Months after they submitted the report to Israel’s Energy Ministry in December 2015, the Energy Ministry approved of favorable offshore drilling conditions for Noble Energy and Delek Group. One of Eco Energy’s clients, according to its website, is none other than Delek.
(Not So) Noble Connections
Hudson Institute, meanwhile, has a key link to Noble Energy: people and money.
In 2013, Hudson Institute gave then-Noble Energy CEO Charles D. Davidson its first ever Global Leadership Award for his company’s role in discovering and moving to drill offshore for gas in Israel.
“Davidson was honored today for his transformative successes in developing energy resources in the United States and Eastern Mediterranean, which have led to enhanced U.S. energy security and competitiveness and turned the Eastern Mediterranean into a burgeoning energy-producing region,” reads a December 2013 Hudson press release.
While the Davidson connection explains some things, as does the fact he has in the past funded Hudson Institute, also crucial is the fact that Noble Board member Jeffrey Berensen serves on Hudson’s Board of Trustees and as a top-tier funder according to the Institute’s 2015 Annual Report. Noble Board of Directors member Edward Cox, son-in-law of President Richard Nixon (his wife is the late president’s daughter), is also a Hudson donor.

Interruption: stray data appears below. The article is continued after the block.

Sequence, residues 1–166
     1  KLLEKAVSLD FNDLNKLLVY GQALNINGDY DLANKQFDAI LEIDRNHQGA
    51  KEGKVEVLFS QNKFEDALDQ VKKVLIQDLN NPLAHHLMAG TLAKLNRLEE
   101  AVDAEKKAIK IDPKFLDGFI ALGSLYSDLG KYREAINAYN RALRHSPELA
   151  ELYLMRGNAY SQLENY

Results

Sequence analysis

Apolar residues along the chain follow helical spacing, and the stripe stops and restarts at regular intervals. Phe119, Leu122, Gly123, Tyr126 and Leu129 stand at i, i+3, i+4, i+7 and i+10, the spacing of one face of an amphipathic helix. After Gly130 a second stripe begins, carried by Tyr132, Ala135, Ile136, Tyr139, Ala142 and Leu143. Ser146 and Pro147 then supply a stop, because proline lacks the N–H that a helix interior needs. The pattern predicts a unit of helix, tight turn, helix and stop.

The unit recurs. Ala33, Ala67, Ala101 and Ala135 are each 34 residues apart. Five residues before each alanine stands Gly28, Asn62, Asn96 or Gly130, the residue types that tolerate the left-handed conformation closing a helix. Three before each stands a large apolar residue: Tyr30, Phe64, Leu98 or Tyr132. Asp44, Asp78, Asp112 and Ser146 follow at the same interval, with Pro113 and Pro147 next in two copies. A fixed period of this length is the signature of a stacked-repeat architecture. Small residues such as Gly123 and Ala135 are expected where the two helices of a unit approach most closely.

According to financial disclosure forms released by Trump, he formerly had 17,800 shares of Noble Energy stock, valued at $1.12 million when he sold them in January 2014.
AIPAC at the Center
The American-Israel Public Affairs Committee (AIPAC), best known as the heart and soul of the Israel Lobby, also sits at the center of the story and not only because Trump announced his foreign policy team the day after he and Democratic Party presidential candidate Hillary Clinton gave major speeches pandering to AIPAC at its annual conference in Washington, DC. (For the first and only time during his presidential campaign, Trump gave his AIPAC speech aided by the use of a teleprompter.)